Stack Overflow is a community of 4.7 million programmers, just like you, helping each other.

Join them; it only takes a minute:

Sign up
Join the Stack Overflow community to:
  1. Ask programming questions
  2. Answer and help your peers
  3. Get recognized for your expertise

I've a code:

class Parent{
    int x=10;
    void show(){
        System.out.println(x);
    }
}

class Child extends Parent{
    int x=20;
    public static void main(String[] args){
        Child c=new Child();
        c.show();
    }
}

Here when I run this program the output comes is 10. Which means at runtime Parent member-function not using the Child data-member with same name(data hiding). The thing I know is that whenever we are extending a class its parent class member-function and data-members are available to Child class, then when I say c.show() why it takes the data-member of Parent class not Child class. Also, I want to know that when we create an object of Child class its Parent class data-members are put in the Parent section of Child class object in Heap, but what happens to member-functions?

share|improve this question
up vote 4 down vote accepted

The child can't hide a field from a method in the parent class by simply declaring its own version of the field. You are applying the idea of "data hiding" in reverse. The child can never hide fields from the parent, but the parent can hide fields from the child (by declaring x as private). If you wanted to, you could use encapsulation to achieve your desired effect, like:

class Parent{
    private int x=10;

    public int getX() {
        return x;
    }

    void show(){
        System.out.println(this.getX());
    }
}

class Child extends Parent{
    int x=20;

    @Override
    public int getX() {
        return x;
    }

    public static void main(String[] args){
        Child c=new Child();
        c.show();
    }
}

By overriding the getX() accessor method, the child can hide the parent's value of x from the rest of the world.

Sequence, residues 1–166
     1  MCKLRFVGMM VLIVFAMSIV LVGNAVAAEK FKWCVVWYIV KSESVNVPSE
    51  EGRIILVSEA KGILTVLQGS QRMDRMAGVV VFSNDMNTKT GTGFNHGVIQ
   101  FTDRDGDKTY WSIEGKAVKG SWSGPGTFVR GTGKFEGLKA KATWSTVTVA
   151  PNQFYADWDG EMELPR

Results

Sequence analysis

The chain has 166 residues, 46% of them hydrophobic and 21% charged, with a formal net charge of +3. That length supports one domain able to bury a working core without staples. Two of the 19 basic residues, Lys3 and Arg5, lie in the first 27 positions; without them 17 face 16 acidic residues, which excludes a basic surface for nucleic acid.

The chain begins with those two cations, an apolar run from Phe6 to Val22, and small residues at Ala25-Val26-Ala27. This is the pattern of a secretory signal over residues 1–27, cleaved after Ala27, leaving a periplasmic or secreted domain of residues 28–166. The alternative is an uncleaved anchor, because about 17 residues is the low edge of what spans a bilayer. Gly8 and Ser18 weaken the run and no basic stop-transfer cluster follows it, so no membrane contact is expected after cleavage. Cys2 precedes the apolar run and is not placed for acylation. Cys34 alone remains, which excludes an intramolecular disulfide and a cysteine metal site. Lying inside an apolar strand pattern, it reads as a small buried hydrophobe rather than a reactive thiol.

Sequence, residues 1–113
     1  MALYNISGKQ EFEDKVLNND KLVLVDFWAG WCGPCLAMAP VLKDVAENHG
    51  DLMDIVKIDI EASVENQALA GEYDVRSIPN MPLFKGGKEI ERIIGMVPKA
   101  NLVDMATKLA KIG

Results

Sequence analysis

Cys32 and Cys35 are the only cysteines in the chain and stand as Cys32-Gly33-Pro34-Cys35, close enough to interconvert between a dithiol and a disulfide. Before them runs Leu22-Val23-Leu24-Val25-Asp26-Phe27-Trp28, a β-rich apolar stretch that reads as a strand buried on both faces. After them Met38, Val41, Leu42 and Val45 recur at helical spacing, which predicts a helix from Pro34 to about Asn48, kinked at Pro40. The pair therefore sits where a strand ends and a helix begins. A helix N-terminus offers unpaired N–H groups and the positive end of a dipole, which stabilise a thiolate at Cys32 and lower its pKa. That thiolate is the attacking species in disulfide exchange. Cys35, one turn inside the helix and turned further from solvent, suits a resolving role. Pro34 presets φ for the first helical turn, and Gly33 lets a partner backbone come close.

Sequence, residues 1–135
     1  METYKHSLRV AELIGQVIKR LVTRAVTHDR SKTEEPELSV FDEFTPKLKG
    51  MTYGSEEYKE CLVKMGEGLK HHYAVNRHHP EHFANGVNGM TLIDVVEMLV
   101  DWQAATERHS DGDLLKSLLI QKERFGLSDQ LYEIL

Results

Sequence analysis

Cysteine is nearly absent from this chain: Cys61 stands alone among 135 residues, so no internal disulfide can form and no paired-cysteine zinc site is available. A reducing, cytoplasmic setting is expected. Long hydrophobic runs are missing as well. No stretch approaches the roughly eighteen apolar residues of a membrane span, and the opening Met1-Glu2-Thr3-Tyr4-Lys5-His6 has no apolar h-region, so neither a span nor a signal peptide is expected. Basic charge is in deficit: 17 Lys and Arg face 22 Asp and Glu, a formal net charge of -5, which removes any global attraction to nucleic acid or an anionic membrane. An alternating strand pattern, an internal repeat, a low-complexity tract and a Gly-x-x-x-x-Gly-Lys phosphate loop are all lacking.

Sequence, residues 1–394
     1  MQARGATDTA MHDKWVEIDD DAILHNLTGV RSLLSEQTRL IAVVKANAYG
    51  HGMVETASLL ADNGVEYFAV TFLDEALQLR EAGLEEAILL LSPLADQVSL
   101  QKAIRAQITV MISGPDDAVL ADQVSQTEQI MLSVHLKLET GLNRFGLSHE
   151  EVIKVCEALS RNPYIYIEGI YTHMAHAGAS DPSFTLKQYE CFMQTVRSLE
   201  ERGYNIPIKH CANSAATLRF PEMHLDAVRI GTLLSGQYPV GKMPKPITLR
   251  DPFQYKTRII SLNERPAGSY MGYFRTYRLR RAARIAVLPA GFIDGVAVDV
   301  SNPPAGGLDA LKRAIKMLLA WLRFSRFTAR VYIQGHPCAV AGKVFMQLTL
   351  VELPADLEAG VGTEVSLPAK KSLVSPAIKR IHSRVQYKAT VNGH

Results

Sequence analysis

Some other points worth discussing:

The thing I know is that whenever we are extending a class its parent class member-function and data-members are available to Child class

This is not entirely correct. Private methods and data members will not be (directly) available to the child class. Only public, protected, and "package-level" methods and fields will be directly accessible to the child class.

Also, I want to know that when we create an object of Child class its Parent class data-members are put in the Parent section of Child class object in Heap, but what happens to member-functions?

Member functions aren't created per-instance. It would be terribly inefficient if the JVM worked like that. Instead, the method implementations for a given class are defined only once, as part of the Permanent Generation which holds things like class definitions and other internal JVM state. All instances of a given class will share the same method definitions.

In the case of a child class, it will share the method definitions of its parent, and it will also have its own definitions added for any methods that exist just in the child (and for any methods that it overrides).

share|improve this answer
1  
+1 Interesting points. – Mahesh Aug 5 '11 at 4:24

The thing I know is that whenever we are extending a class its parent class member-function and data-members are available to Child class, then when I say c.show() why it takes the data-member of Parent class not Child class.

Your understanding correct. But the otherwise is not true. Parent class sub-object doesn't have access to child class sub-object. Since show() is in the scope of base class Parent, it is accessing it's own members. Try to comment the member x in the parent class and see if your program compiles.

Commented x in parent class and see the output yourself

share|improve this answer
    
when i'm commenting member 'x' in parent it does not compile and shows error at 'System.out.println(x)'. Okay, i can understand that but its not clear to me how scope of function is related to that? – Mohammad Faisal Aug 5 '11 at 4:05
1  
A parent class member function can access only it's members. When you make a call to c.show();, currently you are in the scope of Parent class. Had if the member function is overridden in the Child class, then the scope would be in the Child class. When you are trying to access an instance variable/method, it should be in the scope of the location in which it is used. – Mahesh Aug 5 '11 at 4:07
    
Okay, but my second question is still unanswered. It is, when we create object of Child class then in the Heap a Child class object is created having data-members of Child class and inside the Child class object there is another section where Parent class data-members also. Then how the show() corresponds to the data-member of Parent? – Mohammad Faisal Aug 5 '11 at 4:15
    
Check @aroth answer. It has good points. – Mahesh Aug 5 '11 at 4:23

X in child is only shadowing over the base class, not overriding it. The base class member variable is not altered, only hidden by a separate variable in the child class that happens to have the same name. They.are still completely different variables.

share|improve this answer

Your Answer

 
discard

By posting your answer, you agree to the privacy policy and terms of service.

Not the answer you're looking for? Browse other questions tagged or ask your own question.